So that gives me a nice wide angle. It gives me a fair amount of telephoto reach. It's not too heavy. It's a good-size lens. It's not super fast. It's f/4 all the way across. So I am not going to get really great super-shallow depth of field out of it, but it's also not going to put a lot of weight on my shoulder. So, that's a walk-around lens. I might again choose to accessorize that with a macro lens. Now, in a situation like that where I am only carrying two lenses, I may not even take a bag. I keep one lens on the camera, and depending on the pants that I'm wearing, I can just stick the other lens in my pocket.
So, that can get me working really ultra light in those situations, which can be nice. On another day, I might just choose to go street shooting. And by street shooting, I mean not just hoping to get that kind of classical street-shooting stuff of daily life, the decisive moment, that kind of stuff, but also the landmark shots that I want to get, the things that I want to show people when I get home. For that situation, I would take my walk-around lens. I have a wide-angle lens that I really like, a 16 to 35 that's very fast. I'll put that in my bag.
And then lately, I've been experimenting a lot with this fisheye lens that I just got, which is a lot of fun, and it can be a way of, if I get out and I find that actually there is not much going around town that day, the fisheye can help me just find something interesting in terms of geometry and that kind of thing. Again, I'm paring down to about three lenses there. If you don't typically shoot a lot of wide angle, you might want to substitute the wide- angle lens for a really long telephoto. I don't tend to see subject matter that I would use with a telephoto lens; I am more partial to wide-angle lenses.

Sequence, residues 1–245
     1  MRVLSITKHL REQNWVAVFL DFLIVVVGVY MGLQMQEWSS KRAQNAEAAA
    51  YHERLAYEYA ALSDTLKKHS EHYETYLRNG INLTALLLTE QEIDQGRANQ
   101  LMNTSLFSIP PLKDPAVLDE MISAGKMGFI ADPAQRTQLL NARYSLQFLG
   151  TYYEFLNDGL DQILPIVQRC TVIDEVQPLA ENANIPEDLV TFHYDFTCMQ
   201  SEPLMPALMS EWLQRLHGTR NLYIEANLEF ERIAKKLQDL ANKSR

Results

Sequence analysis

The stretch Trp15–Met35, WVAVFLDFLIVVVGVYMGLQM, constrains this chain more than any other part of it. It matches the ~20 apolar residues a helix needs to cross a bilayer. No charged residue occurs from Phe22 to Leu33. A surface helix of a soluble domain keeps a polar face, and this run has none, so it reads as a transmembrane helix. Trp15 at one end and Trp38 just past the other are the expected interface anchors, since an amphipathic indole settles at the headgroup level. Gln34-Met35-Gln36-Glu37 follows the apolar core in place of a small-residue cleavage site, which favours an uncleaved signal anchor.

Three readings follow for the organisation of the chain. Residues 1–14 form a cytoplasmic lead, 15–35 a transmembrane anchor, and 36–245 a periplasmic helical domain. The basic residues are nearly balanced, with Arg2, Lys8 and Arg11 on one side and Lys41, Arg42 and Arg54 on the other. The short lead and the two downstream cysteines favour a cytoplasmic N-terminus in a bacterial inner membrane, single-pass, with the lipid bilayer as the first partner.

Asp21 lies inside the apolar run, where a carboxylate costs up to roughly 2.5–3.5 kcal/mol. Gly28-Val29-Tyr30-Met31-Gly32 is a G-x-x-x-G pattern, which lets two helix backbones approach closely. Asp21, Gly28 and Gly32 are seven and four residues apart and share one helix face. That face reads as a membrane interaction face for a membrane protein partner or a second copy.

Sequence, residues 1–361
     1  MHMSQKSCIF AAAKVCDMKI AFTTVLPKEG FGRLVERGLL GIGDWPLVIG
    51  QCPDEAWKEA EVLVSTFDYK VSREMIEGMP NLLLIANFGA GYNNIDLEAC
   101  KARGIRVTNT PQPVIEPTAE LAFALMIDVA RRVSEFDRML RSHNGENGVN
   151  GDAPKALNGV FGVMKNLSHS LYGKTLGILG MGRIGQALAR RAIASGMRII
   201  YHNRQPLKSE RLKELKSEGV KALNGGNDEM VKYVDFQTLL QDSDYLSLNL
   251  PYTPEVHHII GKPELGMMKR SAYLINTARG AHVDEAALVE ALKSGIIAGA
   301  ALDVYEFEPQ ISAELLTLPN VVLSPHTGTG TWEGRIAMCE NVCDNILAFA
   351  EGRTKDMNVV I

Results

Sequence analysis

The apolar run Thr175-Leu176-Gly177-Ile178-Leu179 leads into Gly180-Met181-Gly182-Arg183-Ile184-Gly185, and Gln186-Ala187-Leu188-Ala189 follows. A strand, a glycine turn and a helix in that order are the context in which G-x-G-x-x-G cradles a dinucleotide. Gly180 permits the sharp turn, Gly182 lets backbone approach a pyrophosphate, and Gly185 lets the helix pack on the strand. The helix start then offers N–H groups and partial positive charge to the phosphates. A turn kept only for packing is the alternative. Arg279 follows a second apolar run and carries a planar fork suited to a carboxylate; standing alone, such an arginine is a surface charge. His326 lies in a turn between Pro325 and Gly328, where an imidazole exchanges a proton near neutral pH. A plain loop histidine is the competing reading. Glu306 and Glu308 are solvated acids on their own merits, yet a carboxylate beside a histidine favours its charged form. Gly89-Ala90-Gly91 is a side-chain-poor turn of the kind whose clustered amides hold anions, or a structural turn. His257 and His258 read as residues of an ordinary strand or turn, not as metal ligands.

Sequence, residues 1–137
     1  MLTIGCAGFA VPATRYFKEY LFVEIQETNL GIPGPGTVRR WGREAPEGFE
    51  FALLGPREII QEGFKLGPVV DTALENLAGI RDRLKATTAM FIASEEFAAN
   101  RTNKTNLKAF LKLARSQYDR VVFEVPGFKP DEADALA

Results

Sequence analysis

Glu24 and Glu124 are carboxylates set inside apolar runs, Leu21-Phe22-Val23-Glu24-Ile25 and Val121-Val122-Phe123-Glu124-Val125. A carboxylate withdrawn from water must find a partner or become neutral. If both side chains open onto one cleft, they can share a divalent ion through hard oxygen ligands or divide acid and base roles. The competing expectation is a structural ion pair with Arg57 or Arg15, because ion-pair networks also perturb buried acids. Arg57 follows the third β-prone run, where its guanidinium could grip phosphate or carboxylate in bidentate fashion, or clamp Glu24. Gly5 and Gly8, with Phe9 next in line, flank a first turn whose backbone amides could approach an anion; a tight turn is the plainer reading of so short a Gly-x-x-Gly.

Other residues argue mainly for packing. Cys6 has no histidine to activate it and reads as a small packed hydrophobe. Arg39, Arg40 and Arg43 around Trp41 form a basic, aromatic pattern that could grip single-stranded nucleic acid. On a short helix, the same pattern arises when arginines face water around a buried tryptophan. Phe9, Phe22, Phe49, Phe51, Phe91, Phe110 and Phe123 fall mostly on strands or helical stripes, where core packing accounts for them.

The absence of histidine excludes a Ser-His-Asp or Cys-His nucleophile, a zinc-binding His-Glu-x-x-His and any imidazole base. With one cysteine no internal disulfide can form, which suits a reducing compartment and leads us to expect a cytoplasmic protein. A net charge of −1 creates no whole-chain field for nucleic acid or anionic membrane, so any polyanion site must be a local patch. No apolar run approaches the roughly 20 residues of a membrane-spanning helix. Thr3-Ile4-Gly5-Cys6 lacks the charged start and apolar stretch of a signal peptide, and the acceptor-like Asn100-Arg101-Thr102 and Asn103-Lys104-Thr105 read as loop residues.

So you could swap that out. I've also got extra media with me. And I might sometimes, like I did when I went out landscape shooting, take a couple of other things like an infrared filter. I have been experimenting a lot with infrared shooting lately, and I took my tripod because I knew that infrared was going to require a tripod. Once you're out, it's pretty much just straight shooting. The only thing you need to figure is, do you have a good way of changing your lenses? Is there a bag you can pick that will help you do that by getting your place to stash something while you're swapping out other lenses? Your lenses are durable.
You don't have to be super careful with them, but obviously you don't want to drop them. You want to work quickly, so that you don't get dust inside your camera or on the lens. How you do it just works out to your own personal coordination. I've found that I can work it by holding one lens and sticking a lens cap in my mouth and doing some other things. That works for me, and I don't even think about when I am doing it at this point; it's just the coordination I have. So, that comes with practice after just a few lens swaps. So, that's my first kind of heavyweight solution to, what do I do when I'm traveling and I want to take a bunch of gear and have a lot of options, but I don't want them all at one time? I pare them down.
I make sure I have the right bags. As you'll see later in this course, there are going to be other times when you make those paring-down decisions before you even leave the house. But for now, I've got the luxury of choosing whatever gear I want, wherever I am, for whatever type of shooting I feel like doing on that particular day.